The Internationalists: Australian Writers and Contemporary Greece

Anne Pender


The expatriate Europeans, Australians, New Zealanders and Americans who lived on the Greek island of Hydra in the 1950s and ’60s were a mix of fiction writers, poets, musicians, painters, journalists and photographers. Politically, many of them would have described themselves as internationalists. George Johnston wrote his novel My Brother Jack (1964) while he and Charmian Clift lived on Hydra, and with it he said he rediscovered Australia.


The contemporary Australian writers Susan Johnson and Meaghan Delahunt have each been inspired in their own work by the fiction and memoir of Johnston and Clift. Both Johnson and Delahunt have spent long periods of their lives as expatriates themselves, living in the UK and other parts of Europe. In spite of the achievements of Johnson and Delahunt as novelists, their writing has been largely overlooked by critics. This article examines their work in relation to expatriatism, internationalism and the politics of contemporary Europe.


The article examines Susan Johnson’s reimagining of the lives of George Johnston and Charmian Clift in The Broken Book (2004) in 2019, 50 years after Clift’s death. It also explores Delahunt’s To the Island (2011), which is set on Naxos. The essay articulates the ways in which Johnson and Delahunt have internationalised Australian literature as a direct result of their expatriate experiences.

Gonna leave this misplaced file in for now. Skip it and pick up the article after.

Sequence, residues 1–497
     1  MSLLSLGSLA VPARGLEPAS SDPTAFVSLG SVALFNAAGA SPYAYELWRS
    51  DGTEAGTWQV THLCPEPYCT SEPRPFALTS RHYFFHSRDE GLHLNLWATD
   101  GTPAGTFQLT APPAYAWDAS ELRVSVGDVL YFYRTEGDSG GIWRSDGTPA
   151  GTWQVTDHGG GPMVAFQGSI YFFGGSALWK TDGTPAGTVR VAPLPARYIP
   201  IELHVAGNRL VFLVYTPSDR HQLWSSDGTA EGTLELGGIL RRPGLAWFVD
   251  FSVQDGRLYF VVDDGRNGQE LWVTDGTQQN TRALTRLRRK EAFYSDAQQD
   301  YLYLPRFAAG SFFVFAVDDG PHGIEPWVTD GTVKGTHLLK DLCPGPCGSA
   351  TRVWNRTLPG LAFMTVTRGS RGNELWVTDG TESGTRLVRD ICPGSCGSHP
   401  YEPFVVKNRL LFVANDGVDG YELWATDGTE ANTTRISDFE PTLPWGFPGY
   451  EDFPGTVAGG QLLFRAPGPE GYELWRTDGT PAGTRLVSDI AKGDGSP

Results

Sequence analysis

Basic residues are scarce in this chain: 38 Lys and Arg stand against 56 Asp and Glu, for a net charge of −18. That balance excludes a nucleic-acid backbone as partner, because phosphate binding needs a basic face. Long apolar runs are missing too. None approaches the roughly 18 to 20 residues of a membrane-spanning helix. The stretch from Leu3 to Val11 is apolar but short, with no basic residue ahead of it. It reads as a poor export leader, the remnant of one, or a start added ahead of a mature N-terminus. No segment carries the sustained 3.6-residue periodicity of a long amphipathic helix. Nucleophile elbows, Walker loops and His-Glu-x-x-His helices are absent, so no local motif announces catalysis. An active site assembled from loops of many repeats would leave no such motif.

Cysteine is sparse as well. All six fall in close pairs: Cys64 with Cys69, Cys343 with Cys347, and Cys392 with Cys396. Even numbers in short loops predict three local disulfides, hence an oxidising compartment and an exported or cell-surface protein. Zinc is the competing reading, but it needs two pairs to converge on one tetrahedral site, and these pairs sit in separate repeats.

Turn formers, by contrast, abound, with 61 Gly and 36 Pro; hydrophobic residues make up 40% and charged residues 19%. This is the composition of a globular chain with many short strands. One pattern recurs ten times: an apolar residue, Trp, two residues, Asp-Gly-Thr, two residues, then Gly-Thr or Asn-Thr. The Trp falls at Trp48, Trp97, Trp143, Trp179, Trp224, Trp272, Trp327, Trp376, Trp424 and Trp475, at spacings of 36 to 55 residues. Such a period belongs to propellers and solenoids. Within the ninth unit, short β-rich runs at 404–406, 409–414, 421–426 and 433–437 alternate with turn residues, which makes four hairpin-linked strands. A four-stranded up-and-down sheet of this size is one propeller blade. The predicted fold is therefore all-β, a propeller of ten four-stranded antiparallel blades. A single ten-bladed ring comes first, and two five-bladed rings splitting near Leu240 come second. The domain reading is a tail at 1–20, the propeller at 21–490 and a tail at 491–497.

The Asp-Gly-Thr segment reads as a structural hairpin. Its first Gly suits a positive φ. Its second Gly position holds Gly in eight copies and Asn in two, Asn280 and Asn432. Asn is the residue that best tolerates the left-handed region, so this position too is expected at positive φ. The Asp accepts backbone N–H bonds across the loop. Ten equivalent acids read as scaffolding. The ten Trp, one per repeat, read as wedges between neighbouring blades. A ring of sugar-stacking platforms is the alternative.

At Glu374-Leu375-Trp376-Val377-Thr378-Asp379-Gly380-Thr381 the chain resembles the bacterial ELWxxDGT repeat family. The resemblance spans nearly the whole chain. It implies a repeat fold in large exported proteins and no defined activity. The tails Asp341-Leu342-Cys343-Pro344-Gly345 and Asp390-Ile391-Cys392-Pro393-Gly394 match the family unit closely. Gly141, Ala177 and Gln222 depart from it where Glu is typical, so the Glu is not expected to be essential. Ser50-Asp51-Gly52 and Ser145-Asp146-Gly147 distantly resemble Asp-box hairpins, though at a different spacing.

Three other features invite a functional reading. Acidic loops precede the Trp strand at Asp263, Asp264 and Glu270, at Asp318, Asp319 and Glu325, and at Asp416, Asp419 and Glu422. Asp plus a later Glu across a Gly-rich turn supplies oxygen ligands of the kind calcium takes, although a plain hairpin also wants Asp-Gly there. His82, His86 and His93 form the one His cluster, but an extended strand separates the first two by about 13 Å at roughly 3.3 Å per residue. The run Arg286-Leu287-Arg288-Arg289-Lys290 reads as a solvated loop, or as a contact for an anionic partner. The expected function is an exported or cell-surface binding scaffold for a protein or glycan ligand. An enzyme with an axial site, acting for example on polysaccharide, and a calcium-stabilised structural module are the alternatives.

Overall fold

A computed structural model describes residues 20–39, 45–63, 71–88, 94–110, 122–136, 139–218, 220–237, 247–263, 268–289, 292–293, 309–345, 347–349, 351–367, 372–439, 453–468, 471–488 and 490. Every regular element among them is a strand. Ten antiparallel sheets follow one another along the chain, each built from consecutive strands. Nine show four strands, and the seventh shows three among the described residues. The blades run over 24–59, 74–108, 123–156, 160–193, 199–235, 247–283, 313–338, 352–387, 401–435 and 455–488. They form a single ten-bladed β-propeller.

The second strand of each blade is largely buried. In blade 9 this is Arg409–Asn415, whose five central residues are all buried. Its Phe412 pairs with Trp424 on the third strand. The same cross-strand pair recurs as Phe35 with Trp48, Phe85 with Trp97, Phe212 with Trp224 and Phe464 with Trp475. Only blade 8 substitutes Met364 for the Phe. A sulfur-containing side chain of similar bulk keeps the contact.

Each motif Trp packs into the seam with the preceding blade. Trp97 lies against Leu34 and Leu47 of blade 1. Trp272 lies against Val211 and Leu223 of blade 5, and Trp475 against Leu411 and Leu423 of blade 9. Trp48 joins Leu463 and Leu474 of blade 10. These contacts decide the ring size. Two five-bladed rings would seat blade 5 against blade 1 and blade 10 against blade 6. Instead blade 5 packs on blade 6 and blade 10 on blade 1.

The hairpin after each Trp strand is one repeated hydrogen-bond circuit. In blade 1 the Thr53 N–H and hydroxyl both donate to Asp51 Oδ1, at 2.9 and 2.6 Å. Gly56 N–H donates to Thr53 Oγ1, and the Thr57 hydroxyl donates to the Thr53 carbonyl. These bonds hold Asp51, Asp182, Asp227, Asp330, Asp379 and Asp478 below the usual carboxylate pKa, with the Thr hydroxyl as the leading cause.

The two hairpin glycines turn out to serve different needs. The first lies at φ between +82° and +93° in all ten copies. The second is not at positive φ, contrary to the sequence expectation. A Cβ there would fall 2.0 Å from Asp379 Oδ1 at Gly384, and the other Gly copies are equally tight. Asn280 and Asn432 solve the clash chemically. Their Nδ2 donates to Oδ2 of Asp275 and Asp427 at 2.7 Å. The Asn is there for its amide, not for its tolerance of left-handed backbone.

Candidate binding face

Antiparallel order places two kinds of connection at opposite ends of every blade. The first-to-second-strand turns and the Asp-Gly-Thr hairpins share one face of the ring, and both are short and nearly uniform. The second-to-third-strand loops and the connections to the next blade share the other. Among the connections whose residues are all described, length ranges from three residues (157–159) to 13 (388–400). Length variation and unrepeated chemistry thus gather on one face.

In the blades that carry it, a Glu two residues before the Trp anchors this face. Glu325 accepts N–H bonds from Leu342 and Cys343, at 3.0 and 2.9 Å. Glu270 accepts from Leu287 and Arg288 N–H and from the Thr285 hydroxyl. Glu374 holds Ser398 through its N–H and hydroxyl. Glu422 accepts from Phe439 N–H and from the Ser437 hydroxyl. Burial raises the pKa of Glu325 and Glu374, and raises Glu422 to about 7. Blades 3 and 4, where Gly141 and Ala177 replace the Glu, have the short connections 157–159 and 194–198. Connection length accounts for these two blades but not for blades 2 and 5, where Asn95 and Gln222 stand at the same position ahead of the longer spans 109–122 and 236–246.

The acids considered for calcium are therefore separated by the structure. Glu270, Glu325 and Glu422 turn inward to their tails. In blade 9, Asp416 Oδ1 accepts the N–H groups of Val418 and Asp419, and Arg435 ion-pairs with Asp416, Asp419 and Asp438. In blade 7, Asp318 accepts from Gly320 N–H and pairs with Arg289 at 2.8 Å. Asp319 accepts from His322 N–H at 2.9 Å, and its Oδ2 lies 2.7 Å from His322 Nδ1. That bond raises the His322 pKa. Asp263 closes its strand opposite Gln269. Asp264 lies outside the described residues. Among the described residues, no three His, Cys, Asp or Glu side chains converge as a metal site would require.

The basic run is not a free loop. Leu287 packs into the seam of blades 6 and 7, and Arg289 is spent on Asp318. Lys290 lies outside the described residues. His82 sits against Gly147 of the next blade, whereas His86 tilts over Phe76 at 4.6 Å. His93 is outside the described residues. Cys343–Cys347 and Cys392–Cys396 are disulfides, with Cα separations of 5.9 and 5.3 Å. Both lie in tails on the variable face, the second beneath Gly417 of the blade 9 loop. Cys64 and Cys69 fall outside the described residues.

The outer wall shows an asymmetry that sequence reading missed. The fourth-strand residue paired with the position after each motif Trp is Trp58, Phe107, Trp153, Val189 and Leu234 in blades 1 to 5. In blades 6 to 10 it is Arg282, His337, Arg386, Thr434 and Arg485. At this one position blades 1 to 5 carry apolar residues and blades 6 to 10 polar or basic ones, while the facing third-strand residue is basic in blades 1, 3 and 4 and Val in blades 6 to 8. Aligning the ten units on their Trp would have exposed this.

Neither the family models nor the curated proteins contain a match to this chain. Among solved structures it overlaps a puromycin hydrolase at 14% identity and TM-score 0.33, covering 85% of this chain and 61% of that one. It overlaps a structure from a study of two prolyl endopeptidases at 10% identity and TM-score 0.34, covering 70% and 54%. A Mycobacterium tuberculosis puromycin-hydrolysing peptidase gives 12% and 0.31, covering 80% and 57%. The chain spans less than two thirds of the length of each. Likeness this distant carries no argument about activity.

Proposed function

Anne Pender holds the Kidman Chair in Australian Studies at the University of Adelaide. In 2018 she was based at Harvard on a Fulbright Senior Scholarship. Anne's recent publications include Seven Big Australians: Adventures with Comic Actors (2019), 'Courage: On the Record with Geraldine Brooks' (2019), Players: Australian Actors on Stage, Television and Film (2016), From a Distant Shore: Australian Writers in Britain 1820-2012 (2013), co-authored with the late Bruce Bennett, and One Man Show: The Stages of Barry Humphries (2010).


Meaghan Delahunt, Susan Johnson, Expatriates, Greece

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